Testing for value in iterable is quite slow for a list. Sets are faster at running that test. It might be quicker to create a set like this:

    requested = set(self.requested_days)
for x in iterable:
if x in requested:


But that's highly dependent on the data, it would be best to test if this works any better for you, and then apply it if it helps.

Secondly, since you're iterating over a list just to get a boolean result from a simple test. You have a perfect opportunity to use the any function. It takes what's known as a generator expression. Generators are like a for loop collapsed into a single expression. In your case, it's easy to collapse down like this:

    any(item in self.requested_days for item in iterable)


This returns a boolean that's True if item in self.requested_days is True for any of the values of item for item in iterable. This matches your original case exactly, and is optimised to run faster than constructing a loop in Python.

Calling list() in find_conflicts to create an empty list is strange syntax, people usually just use []. If you wanted to match your set() call, then it's fine but just be aware that you don't need to do it for list although you do for set since {} will default to an empty dictionary, not a set.

• My concern with not doing a temp variable is that it would have to go recalculate and rebuild the list every iteration. Is that not true? Is there some caching going on behind the scenes? I originally had it as an any with a generator but thought that reducing the iterations this way would be faster, I will need to test and see which is. – Jared Mackey Jan 18 '16 at 15:00
• Also, you were totally right about using list() I just wanted it to match set() lol – Jared Mackey Jan 18 '16 at 15:04
• Ah, no it will only calculate once before iterating. Otherwise if the length of the result changed between iterations Python would be confused. What do you mean by reducing iterations? If you meant returning as soon as you hit return True, then any does that too. It's called short circuiting, and I should have noted it. – SuperBiasedMan Jan 18 '16 at 15:08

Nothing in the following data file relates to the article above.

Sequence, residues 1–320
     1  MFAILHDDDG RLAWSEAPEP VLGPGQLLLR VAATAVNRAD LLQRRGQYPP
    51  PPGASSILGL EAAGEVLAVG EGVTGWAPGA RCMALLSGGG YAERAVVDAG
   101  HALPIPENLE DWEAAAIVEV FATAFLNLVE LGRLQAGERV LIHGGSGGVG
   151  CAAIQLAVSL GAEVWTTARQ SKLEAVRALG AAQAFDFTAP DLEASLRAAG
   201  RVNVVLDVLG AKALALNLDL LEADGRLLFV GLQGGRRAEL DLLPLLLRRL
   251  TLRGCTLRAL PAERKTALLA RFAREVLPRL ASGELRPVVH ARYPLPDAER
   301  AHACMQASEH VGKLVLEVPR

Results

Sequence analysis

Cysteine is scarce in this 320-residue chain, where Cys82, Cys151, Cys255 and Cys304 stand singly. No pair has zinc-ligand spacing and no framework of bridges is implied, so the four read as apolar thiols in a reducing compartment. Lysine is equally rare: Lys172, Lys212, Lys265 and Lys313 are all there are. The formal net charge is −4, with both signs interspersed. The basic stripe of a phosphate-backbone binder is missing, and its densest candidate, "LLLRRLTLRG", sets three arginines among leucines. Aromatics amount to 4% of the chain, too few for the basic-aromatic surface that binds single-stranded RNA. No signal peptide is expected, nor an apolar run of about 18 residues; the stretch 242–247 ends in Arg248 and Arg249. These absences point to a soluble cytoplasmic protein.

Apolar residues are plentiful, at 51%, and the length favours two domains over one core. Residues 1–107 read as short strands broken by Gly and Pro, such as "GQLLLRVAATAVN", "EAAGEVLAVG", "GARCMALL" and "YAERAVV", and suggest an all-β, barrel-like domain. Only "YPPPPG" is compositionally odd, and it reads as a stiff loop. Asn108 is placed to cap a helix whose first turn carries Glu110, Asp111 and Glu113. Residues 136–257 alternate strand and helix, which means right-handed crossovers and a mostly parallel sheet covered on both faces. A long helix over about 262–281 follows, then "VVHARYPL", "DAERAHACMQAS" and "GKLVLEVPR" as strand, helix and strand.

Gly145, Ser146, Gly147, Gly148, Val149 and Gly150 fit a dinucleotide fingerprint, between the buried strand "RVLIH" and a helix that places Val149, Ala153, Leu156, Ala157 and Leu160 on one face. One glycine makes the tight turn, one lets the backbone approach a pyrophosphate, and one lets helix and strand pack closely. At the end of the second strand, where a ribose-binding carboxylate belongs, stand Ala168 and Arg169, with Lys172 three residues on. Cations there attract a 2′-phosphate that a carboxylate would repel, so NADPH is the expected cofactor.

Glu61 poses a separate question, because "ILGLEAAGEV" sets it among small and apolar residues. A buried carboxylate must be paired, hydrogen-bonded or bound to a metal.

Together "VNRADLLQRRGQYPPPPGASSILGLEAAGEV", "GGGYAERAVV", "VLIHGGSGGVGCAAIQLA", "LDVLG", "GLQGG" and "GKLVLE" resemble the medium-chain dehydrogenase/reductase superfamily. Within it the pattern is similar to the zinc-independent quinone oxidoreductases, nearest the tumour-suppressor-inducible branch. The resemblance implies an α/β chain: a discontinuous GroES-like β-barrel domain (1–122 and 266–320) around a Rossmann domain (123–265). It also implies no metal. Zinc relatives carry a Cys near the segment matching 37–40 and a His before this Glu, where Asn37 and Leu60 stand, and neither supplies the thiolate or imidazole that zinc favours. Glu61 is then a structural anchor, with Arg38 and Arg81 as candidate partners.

• That is exactly what I meant by reducing iterations. Didn't know there was a name for it. Hehe. – Jared Mackey Jan 18 '16 at 15:23
• My other massive concern is simply with the design of the algorithm. The double for loop over the same data plus another for loop over the conflicts is A TON of iterations. Is there a way to reduce this or optimize it more? I was thinking instead of the double for loop I could use itertools.combinations then just iterate over each and see if they conflict. I am sure it is doing essentially the same thing but mine is more of a permutation than combination. – Jared Mackey Jan 18 '16 at 15:26

Repetition

The docstring and the code contain the same information.

   """
input:
4
9 5
8 5
2 3
15 5
1 1

:return:
"""
calculations = list()
calculations.append(Calculation(0, 9, 5))
calculations.append(Calculation(1, 8, 5))
calculations.append(Calculation(2, 2, 3))
calculations.append(Calculation(3, 15, 5))
calculations.append(Calculation(4, 1, 1))
calculations.append(Calculation(5, 14, 17))


Either remove the docstring or the code (and make the docstring runnable).

I also suggest a list comprehension to avoid repeating calculations.append(Calculation